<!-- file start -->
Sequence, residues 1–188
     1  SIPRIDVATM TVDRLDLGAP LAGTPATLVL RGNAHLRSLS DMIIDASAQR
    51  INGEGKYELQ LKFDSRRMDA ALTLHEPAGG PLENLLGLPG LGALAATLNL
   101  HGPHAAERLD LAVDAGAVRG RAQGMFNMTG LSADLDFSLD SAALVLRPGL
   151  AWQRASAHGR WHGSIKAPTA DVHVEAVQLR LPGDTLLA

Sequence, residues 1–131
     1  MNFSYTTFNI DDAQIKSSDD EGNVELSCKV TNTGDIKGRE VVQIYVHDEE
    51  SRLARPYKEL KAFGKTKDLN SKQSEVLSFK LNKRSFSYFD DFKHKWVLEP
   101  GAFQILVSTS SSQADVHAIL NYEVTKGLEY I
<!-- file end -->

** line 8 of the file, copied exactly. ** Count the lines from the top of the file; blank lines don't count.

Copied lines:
    51  SRLARPYKEL KAFGKTKDLN SKQSEVLSFK LNKRSFSYFD DFKHKWVLEP